"40 Under Forty Hall of Fame Feature: John Sciaccotta" Published in CBA's Young Lawyers Section's @theBar Blog


A June 4, 2020, blog post in The Chicago Bar Association’s @theBar blog features John Sciaccotta. The blog, written by Kenny Matuszewski, is titled “40 Under Forty Hall of Fame Feature: John Sciaccotta.”

The full content of the blog appears below.

Now celebrating its 20th Anniversary, the Chicago Daily Law Bulletin’s 40 Under Forty recognizes rising stars in the legal community. Past winners come from all practice areas and settings, including the government, private practice, and in-house. The one thing they all share is their commitment to excellence and dedication to the legal profession.

In July 2018, John C. Sciaccotta found himself in Rome, far from his life-long home of Chicago. But he wasn’t alone. Together with several fellow Chicago Bar Association (“CBA”) members, he was taking in the sights and obtaining CLE credit through the CBA’s CLE Abroad program.

Rome has many exquisite sights and sensations. But it’s often the ordinary moments in life that are extraordinary and most meaningful. On their way to dinner one night, John and then CBA President, Judge Tom Mulroy decided to take a humble mode of transportation: the cab. Never ones to miss a good conversation, they soon bonded with their cab driver, sharing hopes, dreams, and philosophies. More than anything, John remembered the cab driver’s life motto: “There are only four important things in life. Family, friends, faith, and food.”

It almost shocked John to hear that. While it was the first time he heard such a philosophy, he realized that those same four things were most important to him. With regard to family, John has four grown children, and a wife, Esther. Significantly, John and Esther will celebrate 35 years of marriage on May 17th. John is also blessed with a variety of friends, not only from bar associations such as the CBA but also his classmates, particularly those at Fenwick High School.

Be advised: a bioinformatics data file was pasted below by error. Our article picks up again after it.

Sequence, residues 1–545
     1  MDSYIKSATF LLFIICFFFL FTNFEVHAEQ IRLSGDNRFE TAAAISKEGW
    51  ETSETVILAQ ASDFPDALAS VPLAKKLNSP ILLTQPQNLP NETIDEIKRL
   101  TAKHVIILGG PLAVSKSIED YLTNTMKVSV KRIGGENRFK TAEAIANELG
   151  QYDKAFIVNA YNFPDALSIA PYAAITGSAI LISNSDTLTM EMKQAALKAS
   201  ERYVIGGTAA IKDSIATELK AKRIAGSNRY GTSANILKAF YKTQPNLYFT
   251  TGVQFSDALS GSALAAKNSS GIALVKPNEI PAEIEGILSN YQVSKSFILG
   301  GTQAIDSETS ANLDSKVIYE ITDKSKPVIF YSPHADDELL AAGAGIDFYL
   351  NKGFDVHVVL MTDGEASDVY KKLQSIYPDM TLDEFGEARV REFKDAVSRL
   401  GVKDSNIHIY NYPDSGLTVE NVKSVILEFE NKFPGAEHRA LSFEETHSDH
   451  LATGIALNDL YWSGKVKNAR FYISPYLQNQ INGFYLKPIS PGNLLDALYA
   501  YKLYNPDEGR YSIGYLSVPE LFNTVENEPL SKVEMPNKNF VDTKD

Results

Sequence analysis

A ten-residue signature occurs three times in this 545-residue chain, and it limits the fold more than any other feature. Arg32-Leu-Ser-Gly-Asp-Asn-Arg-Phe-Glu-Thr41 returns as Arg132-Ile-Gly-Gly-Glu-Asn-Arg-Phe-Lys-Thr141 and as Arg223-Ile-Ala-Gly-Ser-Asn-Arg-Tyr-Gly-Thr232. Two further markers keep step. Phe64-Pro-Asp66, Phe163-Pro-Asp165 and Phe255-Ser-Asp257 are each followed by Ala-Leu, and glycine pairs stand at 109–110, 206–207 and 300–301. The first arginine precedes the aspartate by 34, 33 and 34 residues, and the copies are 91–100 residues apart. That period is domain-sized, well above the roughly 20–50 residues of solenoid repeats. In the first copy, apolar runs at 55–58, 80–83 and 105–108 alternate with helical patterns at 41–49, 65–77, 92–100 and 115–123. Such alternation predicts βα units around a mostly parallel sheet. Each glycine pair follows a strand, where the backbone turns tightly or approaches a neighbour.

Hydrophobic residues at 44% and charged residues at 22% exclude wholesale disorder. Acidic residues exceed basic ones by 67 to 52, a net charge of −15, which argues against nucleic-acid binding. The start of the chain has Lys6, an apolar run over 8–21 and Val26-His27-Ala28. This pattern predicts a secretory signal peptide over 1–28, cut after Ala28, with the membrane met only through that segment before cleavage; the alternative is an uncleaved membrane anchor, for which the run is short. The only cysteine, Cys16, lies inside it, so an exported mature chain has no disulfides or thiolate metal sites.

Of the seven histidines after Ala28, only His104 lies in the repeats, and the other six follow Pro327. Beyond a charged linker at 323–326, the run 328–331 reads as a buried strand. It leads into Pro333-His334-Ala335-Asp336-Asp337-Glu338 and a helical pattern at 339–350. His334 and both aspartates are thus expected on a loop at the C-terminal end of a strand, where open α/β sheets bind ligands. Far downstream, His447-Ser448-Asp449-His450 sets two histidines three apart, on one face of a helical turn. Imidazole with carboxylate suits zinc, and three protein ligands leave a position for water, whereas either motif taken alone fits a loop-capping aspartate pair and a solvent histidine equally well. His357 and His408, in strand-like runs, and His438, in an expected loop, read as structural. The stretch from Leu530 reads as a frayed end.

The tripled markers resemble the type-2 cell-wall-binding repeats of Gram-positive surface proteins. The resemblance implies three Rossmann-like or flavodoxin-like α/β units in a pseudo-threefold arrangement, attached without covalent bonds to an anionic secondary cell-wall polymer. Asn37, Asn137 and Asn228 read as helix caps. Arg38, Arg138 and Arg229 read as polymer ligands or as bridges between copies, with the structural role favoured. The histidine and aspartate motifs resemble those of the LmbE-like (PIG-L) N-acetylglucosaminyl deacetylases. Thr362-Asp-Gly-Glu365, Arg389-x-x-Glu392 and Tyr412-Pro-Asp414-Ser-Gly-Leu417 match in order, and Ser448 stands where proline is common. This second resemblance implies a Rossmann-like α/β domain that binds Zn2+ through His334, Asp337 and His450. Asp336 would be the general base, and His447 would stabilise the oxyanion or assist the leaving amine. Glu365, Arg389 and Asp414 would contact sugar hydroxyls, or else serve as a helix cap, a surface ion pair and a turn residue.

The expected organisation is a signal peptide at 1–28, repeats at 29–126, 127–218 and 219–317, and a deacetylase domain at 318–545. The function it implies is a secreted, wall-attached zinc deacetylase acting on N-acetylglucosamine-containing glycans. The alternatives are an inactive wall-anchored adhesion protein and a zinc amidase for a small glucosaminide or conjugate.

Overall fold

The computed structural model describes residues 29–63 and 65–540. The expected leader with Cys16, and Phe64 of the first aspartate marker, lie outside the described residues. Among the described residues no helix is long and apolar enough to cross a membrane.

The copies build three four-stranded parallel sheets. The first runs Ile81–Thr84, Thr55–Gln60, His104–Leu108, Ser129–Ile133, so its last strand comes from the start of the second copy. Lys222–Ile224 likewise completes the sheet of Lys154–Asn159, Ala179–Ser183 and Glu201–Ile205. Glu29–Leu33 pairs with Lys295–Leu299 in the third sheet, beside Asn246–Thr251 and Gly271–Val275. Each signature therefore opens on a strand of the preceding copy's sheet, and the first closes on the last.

His faith as a practicing Catholic was reinforced by attending St. Giles, Fenwick High School, Creighton University, and DePaul University. While the schools differed in terms of religious Orders, John was able to apply the lessons he learned at each of these schools in life.

Finally, John has been surrounded by food his entire life. His family owned an Italian restaurant named Papa Milano’s on State & Oak streets (1951-2007) and Milano’s at State & Division streets (1948-1978). Before closing in 2007, the storied restaurant was owned by four generations of John’s family. Over the years, the restaurant had a wide variety of prominent guests, including many movie stars, politicians, star athletes like Michael Jordan, President Ronald Reagan, Oprah, Jay Leno, Sid Caesar, and Ralph Kiner, Dean Martin, Jerry Lewis & Bob Hope to name a few.

But John added a fifth category in things that were important to his life: Fenwick HS. Since the age of four, John wanted to be a lawyer and constantly worked toward that dream. While his other schools prepared him well, John realized that it would not have been possible for him to be a lawyer without Fenwick. Even though the coursework was challenging, the environment nourished both him and his classmates. To give back to the school that gave him so much, John became a member of the school’s Board of Trustees, co-started the Fenwick Bar Association, and ultimately the honored designation of Life Trustee.

Another institution would soon become a major fixture in John’s life: the CBA. When John was in law school, his mentor and friend Richard Culver (“Dick”) told him that the key to a successful career was to establish relationships and make friends in the practice of law. The best way of reaching that goal was through the CBA and bar associations.

Soon after that, Dick invited John to join him for lunch at the CBA building, then located at 29 S. LaSalle St. That launched a series of meetings at both formal and informal CBA events, which allowed John to meet experienced peers at a young age. Whether it was the Judicial Evaluation Committee or the CBA’s bowling league, John could always count on Dick to introduce him to a new friend in the legal profession. As a result, it was only a matter of time until John met Don Hubert. Similar to Dick, Don was one of the first people to push John as a person and in his legal career. Specifically, he encouraged John to become a founding member of the CBA’s commercial litigation committee. Judge Mulroy along with Dick & Don’s prior mentoring, inspired John to become a Co-founder of the CBA Business Divorce & Complex Ownership Disputes Committee in 2018. While it was difficult to start a committee from the ground-up, thanks to Judge Mulroy, Don & Dick’s guidance, John excelled as a chair.

While running a committee may not seem related to the practice of law, many of the qualities needed to run a successful committee correlate with successfully practicing law. As a result, John’s star began to rise. John still considers Dick and Don to be his greatest mentors, thanks to their efforts to push him outside his comfort zone and to grow.

Despite knowing a large number of attorneys at a young age, John had a humble start to his career. His first job out of law school was at a small firm for several years. At its largest, the firm only had 10 lawyers. He then founded his own firm. Over the years, that firm grew to seven attorneys.